Months after reading this I can say it was reasonably clever, it was as good as I expect from Zahn, and the Pryce backstory was nice, but it made me terrifically nostalgic for The Last Command
and Binti:Home (2016) (Nnedi Okorafor):
young woman defies tradition to attend space university, has adventures. If you've read Okorafor, these novellas will feel very much in her style.Three Parts Dead (Max Gladstone) (2012):
Craftswoman Tara Abernathy, cast out of the Hidden Schools of the Craft, is recruited by Elayne Kevarian, of Kelethres, Albrecht, and Ao, to deal with a tricky case of Craft whose roots trace back to the God Wars that changed the world, and cut through a tangle of Craft and personal relationships.
If that summary is a mess, well, the novel is ambitious to a fault. The PoV is tight-ish third noir-ish in a D&D-ish fantasy world. But it most reminds me of old school science fiction, the sort where the clever plot turns on the writer explaining the way everything works except
for the pivot-element that swings the final twist into action. In the epilogue, Elayne remarks, engineers: they spend so much time solving physical problems and obeying physical rules, they forget that nonphysical phenomena obey rules every bit as strict.
A couple of years ago the Legion of Honor hosted an exhibit of Breguet watches, fancypants high-end timepieces of the last three or four centuries. The plot of Three Parts Dead
reminded me of the tiny interlocked gears powering the conventional hour, minute, and second hands, as well as all the complications that could be imagined and packed into a handheld device. Like some of the honological complications on display, I didn't quite see the appeal of the threads of history and action connecting the deaths of Judge Cabot and Kos Everburning to Tara, Elayne, Novice Technician Abelard of the Church of Kos Everburning, addict and agent of Justice Catherine Elle, Shale of the Guardians (gargoyles), Craftsman Alexander Denovo, and the vampire Raz Pelham. There is a point where piling on history, secondary worldbuilding, personal backstory, and red herrings turns a cats-cradle plot from a tense interconnected story to a mess.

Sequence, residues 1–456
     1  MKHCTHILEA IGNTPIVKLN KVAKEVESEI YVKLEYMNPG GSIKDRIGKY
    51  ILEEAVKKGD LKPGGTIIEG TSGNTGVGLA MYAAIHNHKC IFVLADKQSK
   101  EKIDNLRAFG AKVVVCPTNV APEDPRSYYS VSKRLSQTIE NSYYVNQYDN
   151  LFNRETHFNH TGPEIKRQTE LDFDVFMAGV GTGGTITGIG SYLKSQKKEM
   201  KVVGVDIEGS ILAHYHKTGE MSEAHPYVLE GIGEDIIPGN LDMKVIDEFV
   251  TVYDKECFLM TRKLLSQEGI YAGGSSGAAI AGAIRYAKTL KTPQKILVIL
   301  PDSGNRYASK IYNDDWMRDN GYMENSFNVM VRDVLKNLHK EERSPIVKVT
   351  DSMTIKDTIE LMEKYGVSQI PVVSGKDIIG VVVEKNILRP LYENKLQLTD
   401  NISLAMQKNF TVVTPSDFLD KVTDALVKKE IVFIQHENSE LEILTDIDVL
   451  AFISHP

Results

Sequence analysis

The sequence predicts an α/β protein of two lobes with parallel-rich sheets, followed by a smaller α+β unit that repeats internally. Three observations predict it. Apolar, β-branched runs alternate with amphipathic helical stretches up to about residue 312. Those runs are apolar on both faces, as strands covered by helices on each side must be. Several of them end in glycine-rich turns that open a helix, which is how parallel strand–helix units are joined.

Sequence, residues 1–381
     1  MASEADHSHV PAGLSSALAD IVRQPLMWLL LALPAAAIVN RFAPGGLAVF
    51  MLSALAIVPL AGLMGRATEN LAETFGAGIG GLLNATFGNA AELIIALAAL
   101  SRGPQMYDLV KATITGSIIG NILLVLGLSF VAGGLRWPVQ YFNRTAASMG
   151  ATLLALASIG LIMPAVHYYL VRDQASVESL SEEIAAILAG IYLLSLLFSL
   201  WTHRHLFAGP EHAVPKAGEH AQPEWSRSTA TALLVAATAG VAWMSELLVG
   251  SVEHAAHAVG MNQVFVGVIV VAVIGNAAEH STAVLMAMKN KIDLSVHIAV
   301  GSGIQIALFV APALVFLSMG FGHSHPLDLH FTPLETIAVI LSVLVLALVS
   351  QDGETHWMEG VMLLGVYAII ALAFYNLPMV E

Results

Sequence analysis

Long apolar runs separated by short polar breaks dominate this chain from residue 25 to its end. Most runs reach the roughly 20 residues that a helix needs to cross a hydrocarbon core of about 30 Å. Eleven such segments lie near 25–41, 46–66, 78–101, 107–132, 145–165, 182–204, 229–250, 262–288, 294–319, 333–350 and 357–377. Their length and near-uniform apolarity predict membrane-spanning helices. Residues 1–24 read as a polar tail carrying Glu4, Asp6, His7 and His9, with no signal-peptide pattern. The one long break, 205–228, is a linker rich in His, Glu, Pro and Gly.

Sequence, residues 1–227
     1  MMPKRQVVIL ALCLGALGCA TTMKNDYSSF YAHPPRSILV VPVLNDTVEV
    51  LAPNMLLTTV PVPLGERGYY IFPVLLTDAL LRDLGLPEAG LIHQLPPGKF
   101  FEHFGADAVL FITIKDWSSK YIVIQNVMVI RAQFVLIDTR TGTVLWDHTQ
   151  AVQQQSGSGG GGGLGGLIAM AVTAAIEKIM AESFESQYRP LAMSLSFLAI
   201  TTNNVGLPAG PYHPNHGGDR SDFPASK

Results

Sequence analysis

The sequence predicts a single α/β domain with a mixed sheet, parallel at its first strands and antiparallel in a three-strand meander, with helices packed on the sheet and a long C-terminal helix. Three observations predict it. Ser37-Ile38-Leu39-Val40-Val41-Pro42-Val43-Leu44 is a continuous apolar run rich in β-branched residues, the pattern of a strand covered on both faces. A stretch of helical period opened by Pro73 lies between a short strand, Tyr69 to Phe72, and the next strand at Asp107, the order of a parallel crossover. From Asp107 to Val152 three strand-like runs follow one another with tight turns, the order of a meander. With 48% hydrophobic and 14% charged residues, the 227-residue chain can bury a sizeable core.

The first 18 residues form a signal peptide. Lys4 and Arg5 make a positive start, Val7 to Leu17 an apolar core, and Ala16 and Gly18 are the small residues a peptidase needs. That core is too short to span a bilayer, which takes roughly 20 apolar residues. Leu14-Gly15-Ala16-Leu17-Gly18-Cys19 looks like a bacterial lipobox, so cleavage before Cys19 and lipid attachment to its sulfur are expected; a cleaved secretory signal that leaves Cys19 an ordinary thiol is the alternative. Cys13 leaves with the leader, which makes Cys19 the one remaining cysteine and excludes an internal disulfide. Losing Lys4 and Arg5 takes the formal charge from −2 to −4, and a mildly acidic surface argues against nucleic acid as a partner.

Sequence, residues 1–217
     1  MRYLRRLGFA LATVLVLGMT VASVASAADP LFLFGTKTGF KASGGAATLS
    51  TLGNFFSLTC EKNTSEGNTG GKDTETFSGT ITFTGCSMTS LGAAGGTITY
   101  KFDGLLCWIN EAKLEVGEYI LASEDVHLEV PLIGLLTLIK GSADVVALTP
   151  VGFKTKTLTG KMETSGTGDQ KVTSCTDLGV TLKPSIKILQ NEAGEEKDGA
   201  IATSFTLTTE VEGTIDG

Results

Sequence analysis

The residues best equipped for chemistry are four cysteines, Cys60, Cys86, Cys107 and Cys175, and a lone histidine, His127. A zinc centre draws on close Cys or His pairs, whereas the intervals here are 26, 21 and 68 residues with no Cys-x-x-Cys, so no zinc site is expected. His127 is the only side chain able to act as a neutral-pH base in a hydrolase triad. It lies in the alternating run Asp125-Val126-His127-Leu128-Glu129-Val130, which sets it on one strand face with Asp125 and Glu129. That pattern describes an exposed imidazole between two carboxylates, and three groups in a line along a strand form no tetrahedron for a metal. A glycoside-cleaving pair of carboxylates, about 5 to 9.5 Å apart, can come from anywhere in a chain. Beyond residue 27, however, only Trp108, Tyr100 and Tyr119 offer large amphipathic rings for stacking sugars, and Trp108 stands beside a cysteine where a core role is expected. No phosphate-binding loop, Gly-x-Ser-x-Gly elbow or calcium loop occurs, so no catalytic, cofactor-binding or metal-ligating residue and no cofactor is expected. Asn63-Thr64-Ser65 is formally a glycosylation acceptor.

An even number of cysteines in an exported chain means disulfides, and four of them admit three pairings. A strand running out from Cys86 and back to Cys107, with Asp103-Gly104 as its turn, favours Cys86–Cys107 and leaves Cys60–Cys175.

The book does a number of things "right" - women as protagonists, Bechdel test pass, people of color as characters with agency - but the execution it felt bloodless, clockwork, to me.
On a really petty, petty note, every time someone talked about the city of Alt Coulumb I had college physics flashbacks
. It was really, really distracting.A Closed and Common Orbit (Becky Chambers) (2016):
Hugo nominee. Double timeline story about AI fish-out-of-water Sidra's first steps into personhood played against young Jane 24 (aka Jane, aka Pepper) and shuttle-AI-slash-parent-ish Owl teaming up to fix a junked spacecraft.Orbit
is a character book. If you're interested in the characters and their personal journeys, you're going to enjoy this book. The plot acts in service of time with the characters, winding through there's Sidra's challenges as an AI stuck in an un-AI body, with attendant dysphoria; an exploration of Port Coriol's people and cultures; and Pepper's history, topped off with a Leverage-esque shuttle heist / family reunion at the end of the novel, because this is a novel about identity, found family, and not leaving people behind.
There's a sense of a lot of influences, not that far under the surface. That doesn't always work to Orbit
's benefit. The Dispossessed
has a memorable, tightly structured, thematically resonant double timeline narrative. The other double timeline narrative that has rocked my world is Ancillary Justice
. There are interleaved usenet-slash-irc-slash-reddit-ish excerpts with people being people, with AIs on the table, accidentally evoking A Fire Upon the Deep. Orbit
includes a glancing interest in how to make a person, which is right up my thematic alley, but that's secondary to its focus on self-actualization, see "focus on characters". Orbit
is a competent but not brilliant or definitive take on the tropes and ideas in play.
This year I finally finished The House of God (Samuel Shen) (1978)
, a semiautobiographical novel of a first year medical intern's trial by fire, gomer, and administrivia. It's dated, raunchy in the least erotic way possible - there is an awful lot of kind of objectification and doctor/nurse sex - and yet the issues of patient care raised are still painfully relevant to American health care almost forty years later. Thick As Thieves (Megan Whalen Turner) (2017):
Slave Kamet escapes the calamitous death of his owner in the Mede Empire. Since this is a King's Thief novel, there is a big, plot-changing twist, perhaps even several. If one builds a reputation on surprising readers, there's a point where the readers know the story isn't being told straight and start to question closely the statements the characters take for fact, which works against that element of surprise. There's a limit to the strategy of plot twists for the sake of plot twists, which Turner might be starting to bump up against.
This entry cross-posted at https://ase.dreamwidth.org/683520.html